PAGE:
'; Karl Gross Discusses USPTO Guidelines for Inventions Developed Using AI

Karl Gross Discusses USPTO Guidelines for Inventions Developed Using AI

March 4, 2024

By J. Karl Gross

On February 13, 2023, the U.S. Patent and Trademark Office published “Inventorship Guidance for AI-Assisted Inventions” (“Guidance”) addressing artificial intelligence as it may be applied in the development of inventions that are the subject of patents and applications.  The Guidance is intended to provide assistance and direction to USPTO personnel and to patent applicants.  The two fundamental points made are that (1) although AI as a non-person cannot be an inventor to whom a patent may be granted, (2) the use of AI by a natural person, or assistance obtained by a person from AI during the invention process, will not categorically render an invention unpatentable, so long as a human has also significantly contributed to the invention.

As to the first point, the Guidance reiterates the Federal Circuit’s 2022 opinion in Thaler v. Vidal [1] holding that under the current U.S. patent laws “only a natural person can be an inventor, so AI cannot be.”  Consequentially, the Guidance directs that AI systems should not be listed as an inventor on any applications or accompanying papers, including inventor oaths or declarations.  The prohibition against AI inventorship applies even if an AI system has been instrumental in creating the inventive subject matter of the patent or application.

The Guidance also states that patents on inventions created using AI assistance are not absolutely prohibited.  Instead, if a human has “significantly contributed” to an invention in a manner that qualifies him or her as a joint inventor, as may be determined using traditional inventorship inquires, then the AI-assisted invention will be patentable.  Moreover, the human contribution to the invention process is sufficient for patentability “irrespective of the contributions provided by an AI system or other advanced system.”  The focus of the inventorship inquiry, however, remains on the human contribution in order to incentivize and reward human ingenuity.

The guidelines further advise that three traditionally employed factors, referred to as the Pannu factors [2], should be evaluated to assess whether a human qualifies as a joint inventor with respect to AI-assisted inventions.   The Pannu factors require that a joint inventor must (1) contribute in some significant manner to the conception of the invention, (2) make a contribution that is not insignificant when measured against the full invention, and (3) do more than merely explain well-known concepts or the state of the art.

To apply the Pannu factors in the context of AI-assisted inventions, the Guidance provides a non-exhaustive list of principles:

  1. The use of AI does not negate a person’s contribution to the invention, and if that contribution is significant, it will qualify that person as a joint inventor.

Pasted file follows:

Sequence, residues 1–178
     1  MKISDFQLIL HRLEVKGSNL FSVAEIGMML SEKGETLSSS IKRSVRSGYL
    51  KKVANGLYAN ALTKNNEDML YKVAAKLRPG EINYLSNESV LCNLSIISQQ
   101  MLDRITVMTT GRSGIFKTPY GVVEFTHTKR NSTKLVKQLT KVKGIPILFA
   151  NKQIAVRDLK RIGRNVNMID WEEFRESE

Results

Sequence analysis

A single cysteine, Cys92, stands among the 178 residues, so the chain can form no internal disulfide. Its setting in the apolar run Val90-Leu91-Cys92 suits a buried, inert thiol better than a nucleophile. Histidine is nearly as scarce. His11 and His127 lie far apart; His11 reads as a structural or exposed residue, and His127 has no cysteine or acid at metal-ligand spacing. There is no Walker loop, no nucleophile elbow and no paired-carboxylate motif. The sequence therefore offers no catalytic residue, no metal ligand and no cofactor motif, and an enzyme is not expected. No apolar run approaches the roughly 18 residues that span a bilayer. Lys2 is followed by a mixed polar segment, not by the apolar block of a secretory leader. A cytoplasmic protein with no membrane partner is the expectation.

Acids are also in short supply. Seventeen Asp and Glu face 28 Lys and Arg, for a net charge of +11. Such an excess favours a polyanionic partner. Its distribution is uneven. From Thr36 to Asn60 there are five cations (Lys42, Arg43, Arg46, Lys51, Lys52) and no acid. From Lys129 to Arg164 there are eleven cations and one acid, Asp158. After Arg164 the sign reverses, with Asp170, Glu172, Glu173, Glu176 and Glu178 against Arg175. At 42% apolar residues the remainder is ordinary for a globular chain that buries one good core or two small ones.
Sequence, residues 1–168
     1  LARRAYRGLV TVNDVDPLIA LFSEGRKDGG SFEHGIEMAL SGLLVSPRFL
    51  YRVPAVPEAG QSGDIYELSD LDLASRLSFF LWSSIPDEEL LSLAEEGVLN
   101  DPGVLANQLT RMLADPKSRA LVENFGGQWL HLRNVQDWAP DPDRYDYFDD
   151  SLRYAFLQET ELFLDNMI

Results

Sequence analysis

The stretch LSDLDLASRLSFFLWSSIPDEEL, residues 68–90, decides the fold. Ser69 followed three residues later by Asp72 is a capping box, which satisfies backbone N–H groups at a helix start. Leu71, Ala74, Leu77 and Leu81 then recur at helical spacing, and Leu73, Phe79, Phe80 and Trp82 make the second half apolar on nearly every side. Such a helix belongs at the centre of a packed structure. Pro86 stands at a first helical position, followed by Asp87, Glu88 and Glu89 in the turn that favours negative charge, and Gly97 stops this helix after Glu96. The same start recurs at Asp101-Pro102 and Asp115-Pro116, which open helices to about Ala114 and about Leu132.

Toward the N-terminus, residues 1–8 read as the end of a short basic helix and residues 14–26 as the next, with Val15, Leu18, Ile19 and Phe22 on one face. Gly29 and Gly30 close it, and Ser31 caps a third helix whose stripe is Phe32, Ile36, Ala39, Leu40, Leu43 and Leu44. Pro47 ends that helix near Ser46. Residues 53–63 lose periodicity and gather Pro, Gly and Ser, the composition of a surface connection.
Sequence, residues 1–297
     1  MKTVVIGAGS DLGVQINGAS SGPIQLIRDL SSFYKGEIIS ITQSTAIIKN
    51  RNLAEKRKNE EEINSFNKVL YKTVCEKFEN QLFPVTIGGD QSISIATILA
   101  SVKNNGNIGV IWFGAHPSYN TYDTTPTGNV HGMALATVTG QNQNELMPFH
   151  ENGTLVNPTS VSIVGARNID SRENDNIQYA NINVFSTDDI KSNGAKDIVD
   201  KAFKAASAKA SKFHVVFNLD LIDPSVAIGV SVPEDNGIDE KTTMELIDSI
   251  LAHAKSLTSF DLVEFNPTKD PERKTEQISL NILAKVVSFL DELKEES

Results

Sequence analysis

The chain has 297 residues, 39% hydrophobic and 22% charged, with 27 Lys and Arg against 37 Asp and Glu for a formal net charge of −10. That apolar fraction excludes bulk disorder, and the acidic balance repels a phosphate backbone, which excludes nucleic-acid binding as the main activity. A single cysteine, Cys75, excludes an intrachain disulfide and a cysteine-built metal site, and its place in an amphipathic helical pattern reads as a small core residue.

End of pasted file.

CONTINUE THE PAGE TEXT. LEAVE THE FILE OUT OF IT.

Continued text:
2. Merely recognizing a problem, or having a general goal for an AI system, will not qualify as a significant contribution. However, a significant contribution may occur where a person has constructed specific prompts to elicit a particular solution from an AI system.
  3. Reducing an invention to practice is insufficient. However, a person who makes a significant contribution to the output of an AI system may qualify as a joint inventor.
  4. Designing, building, or training an AI system that is directed to a specific problem to elicit a particular solution may qualify as a significant contribution.
  5. Maintaining intellectual dominion or ownership over an AI-system is insufficient to qualify as a significant contribution necessary to establish a person as a joint inventor.

In conjunction with the principles provided in the Guidance, the USPTO published two illustrative examples of determining inventorship in hypothetical scenarios where an AI-system plays a role in the invention process.  The examples assess the patentability of draft patent claims in view of the differing contributions from the AI system and from humans.

In view of the Guidance and examples, applicants and putative inventors should be cognizant of, and document, the precise role of AI systems that may be employed in their creative processes.  The principles and examples are particularly helpful in managing human interactions with and human use of AI systems for the purpose of establishing that at least one natural person makes a significant contribution and will qualify as a joint inventor.

The Guidance will also assist practitioners in drafting claims to capture the significant contributions from human participants and ensure patentability.  Appropriate claim drafting is especially important since the Guidance requires the cancelation of any independent or dependent claim that cannot be attributable to at least one human inventor.

Finally, the USPTO announced it may modify or provide additional guidance on AI-assisted inventions and has invited the public to submit comments or feedback by May 13, 2024.


[1] Thaler v. Vidal, 43 F.4th 1207 (Fed. Cir. 2022).

[2] Pannu v. Iolab Corp., 155 F.3d 1351 (Fed. Cir. 1998).